Being able to afford everything you need but not everything you want.
I take forever to grocery shop now that I'm making a decent living.
When we were poorer it was just buy whatever we could afford that would keep us alive. Now, when arriving at the spot in the aisle for EVERY item on my list, a chain reaction of decision making fires off that passes through statistics, guilt, and the meaning of life.
A Toyota Highlander with "Frozen" playing in the backseat pulling up to a block party at a master-planned starter home community's pool where the dads are grilling and the kids are running around everywhere eating freeze pops.
When your passenger side door handle breaks, you take it to the dealership for repair since it's under warranty, when they send you to the rental company for a loaner car and the only thing they have is a Camaro. When you pull in to the driveway of your suburban home and tell your pregnant wife you're going out to dinner at a nearby sit down restaurant because you need a reason to drive the Camaro around.
Ladies and gentlemen, my husband last week.
This has me reminiscing on the sweet summer times of my middle-class childhood:
Drawing with chalk in the driveway.
Going to a neighbor's to swim in their above-ground pool, while swatting away occasional wasps, and if this wasn't an option, putting a sprinkler under the trampoline.
A tire swing and/or one of those assembly-required jungle gyms in the backyard.
Various soccer/music/overnight camps (not fancy ones, usually run by the local university)
Being a tomboy by necessity because all your bikes/sporting goods/some clothes were passed through the neighborhood boys before they got to you
Bringing your dad a glass of freshly mixed red Kool-Aid while he takes a break from mowing the lawn with giant noise-cancelling headphones on. Not the ones that play music. They just cancel noise. Blanking on what to call these.
Getting nice and loaded prior to a sporting event to save money, then buying tons of food and drink in the stadium because you can afford it but shouldn't waste the cash.
Helping your children do their homework.
Poor people don't have time for that. Rich people have tutors for that.
Spending an entire day from your weekend cleaning your own house and doing your own yard work and going to the department store.
Too wealthy for need-based scholarships; not wealthy enough to pay for college.
I remember coming back from summer break and my classmates talking about the trips their families went on and being extremely jealous.
Having those silly little stick figure family stickers on the back of your minivan.
An above ground pool, alone, in the middle of the back yard, with those crappy plastic ladders that flail all over the place when you climb them.
A basketball hoop in every driveway.
A mortgage, a car loan or two, and having to save the entire year (or two) to take a vacation with the spouse and kids.
A plastic bag of plastic bags.
Live in Cleveland, Ohio and go to Disney World every summer in your Equinox and stay in the Ramada 15 miles outside of Orlando every time. Go to Denny's for breakfast because it's in the parking lot and have everyone wear Columbia shirts and visors with Sperry's that you just picked up at the outlet stores near your hotel. If you're the dad, wear shorts that are just a little too short for comfort and have huge calf muscles. Talk loudly about how you think Florida might be a good place for income property one day with your disinterested wife currently distracted with the kids. When the waitress comes with the check, have the cash folded about 4 times between your index and middle finger and tell her "keep the change sweetheart." If you're the Mom, have way more stuff than you need for the day, like at least 2 totes full of games and other bullshit no one uses. Try to micromanage the activities ahead of time and blatantly undermine your husband if he suggests something. If you're the husband, mention how you pay all the bills in front of the wife and kids and just generally be a dick until you get to the park. Complain about the tolls and also the cost of parking.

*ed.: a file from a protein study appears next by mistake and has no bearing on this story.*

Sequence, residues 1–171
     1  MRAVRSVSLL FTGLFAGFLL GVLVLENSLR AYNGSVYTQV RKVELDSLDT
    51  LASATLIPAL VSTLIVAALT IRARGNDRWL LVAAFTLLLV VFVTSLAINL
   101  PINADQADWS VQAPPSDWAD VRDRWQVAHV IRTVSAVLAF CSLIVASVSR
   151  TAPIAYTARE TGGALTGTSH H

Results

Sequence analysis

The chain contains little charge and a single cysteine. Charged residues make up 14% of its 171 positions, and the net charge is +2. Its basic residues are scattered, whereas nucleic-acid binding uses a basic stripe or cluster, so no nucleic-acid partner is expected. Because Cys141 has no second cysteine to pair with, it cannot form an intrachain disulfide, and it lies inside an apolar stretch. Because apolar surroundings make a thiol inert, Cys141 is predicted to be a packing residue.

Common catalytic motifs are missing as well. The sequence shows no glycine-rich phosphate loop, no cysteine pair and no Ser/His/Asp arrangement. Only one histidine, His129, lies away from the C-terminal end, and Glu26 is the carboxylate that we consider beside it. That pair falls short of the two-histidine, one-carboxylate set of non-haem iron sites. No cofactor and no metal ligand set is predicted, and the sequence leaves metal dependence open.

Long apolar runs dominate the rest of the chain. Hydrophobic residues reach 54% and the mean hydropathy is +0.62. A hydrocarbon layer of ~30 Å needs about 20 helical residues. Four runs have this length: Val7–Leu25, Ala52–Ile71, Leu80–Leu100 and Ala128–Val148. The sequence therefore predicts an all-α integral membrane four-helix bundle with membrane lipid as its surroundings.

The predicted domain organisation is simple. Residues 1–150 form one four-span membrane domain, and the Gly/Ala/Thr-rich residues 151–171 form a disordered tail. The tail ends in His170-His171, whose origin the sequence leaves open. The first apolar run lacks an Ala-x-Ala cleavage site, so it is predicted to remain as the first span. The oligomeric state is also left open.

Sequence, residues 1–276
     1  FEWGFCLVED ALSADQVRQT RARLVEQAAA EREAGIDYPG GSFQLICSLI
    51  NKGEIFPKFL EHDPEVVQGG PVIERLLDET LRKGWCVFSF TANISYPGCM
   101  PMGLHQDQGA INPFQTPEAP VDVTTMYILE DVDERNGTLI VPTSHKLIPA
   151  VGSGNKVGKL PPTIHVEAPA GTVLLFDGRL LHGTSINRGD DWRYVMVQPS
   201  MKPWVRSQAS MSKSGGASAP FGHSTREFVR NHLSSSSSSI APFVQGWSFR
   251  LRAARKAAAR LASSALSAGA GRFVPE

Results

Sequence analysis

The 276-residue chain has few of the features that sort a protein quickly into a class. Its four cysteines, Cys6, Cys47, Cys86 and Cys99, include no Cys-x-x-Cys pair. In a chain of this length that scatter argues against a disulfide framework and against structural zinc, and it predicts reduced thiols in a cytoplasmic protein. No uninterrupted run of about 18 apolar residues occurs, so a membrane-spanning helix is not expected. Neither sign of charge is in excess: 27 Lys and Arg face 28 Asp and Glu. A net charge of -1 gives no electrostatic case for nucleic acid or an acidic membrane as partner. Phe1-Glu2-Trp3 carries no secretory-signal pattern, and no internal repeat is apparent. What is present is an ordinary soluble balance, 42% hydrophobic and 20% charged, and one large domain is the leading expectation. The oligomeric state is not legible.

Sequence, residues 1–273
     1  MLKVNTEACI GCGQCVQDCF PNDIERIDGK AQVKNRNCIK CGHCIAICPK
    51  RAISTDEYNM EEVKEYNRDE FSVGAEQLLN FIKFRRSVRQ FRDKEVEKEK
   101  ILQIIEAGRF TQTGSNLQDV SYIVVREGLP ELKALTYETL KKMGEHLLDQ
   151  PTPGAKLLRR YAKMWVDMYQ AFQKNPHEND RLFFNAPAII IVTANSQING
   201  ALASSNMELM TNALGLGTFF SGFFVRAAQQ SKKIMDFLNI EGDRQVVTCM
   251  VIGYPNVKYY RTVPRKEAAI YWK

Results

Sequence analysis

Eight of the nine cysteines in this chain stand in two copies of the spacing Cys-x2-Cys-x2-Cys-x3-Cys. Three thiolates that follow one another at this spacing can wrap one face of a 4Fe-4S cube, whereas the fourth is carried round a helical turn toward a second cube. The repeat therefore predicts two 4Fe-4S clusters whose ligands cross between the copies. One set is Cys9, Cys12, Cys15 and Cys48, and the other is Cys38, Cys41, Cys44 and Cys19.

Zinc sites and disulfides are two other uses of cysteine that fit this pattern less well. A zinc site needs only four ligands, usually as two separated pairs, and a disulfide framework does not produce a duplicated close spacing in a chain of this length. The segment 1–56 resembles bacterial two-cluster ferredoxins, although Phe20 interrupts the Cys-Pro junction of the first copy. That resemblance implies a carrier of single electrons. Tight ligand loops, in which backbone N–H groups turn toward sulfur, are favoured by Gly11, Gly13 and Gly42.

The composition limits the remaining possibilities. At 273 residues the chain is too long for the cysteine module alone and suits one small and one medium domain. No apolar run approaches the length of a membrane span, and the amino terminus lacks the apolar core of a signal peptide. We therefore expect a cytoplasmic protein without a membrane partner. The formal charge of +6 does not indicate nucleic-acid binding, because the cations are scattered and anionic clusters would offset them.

At the park, have you and your kids make some silly faces for pictures on the Thunder Mountain and talk about how it would make great Christmas cards this year. Drink about 8 bud lights throughout the day but not really ever be buzzed. Go to Red Lobster that night for dinner even though there are other seafood options just because of the biscuits and eat at least 3 baskets worth. All of you order coconut shrimp and send it back because it's too cold and keep complaining about it until you get back to the hotel. Get back to the hotel by 7:00 for the ice-cream social and go for a swim in the indoor pool after. Have the family in bed by 9:00.
Gotta go to work everyday so I can come home and spend all my free time taking care of bills, food, and my children. Just so I can wake up tomorrow and do it all over again.
A grade school aged child having tempered expectations for Christmas gifts, and getting pretty much everything they wanted except for the most expensive thing. "Maybe next year, bud."
Jogging with your Golden Retrievers during the work day while pushing a stroller and trying to lose that baby weight. Next stop, coffee!
I'd say the most middle class thing ever is picking up your kids from soccer practice in a 4 year old minivan and grabbing a dinner at the neighborhood chain restaurant. Afterwards you stop by the store to pickup a few things, and end up buying a Blu-Ray copy of a 3 year old family movie for $6.99 (marked down from $9.99) as a splurge.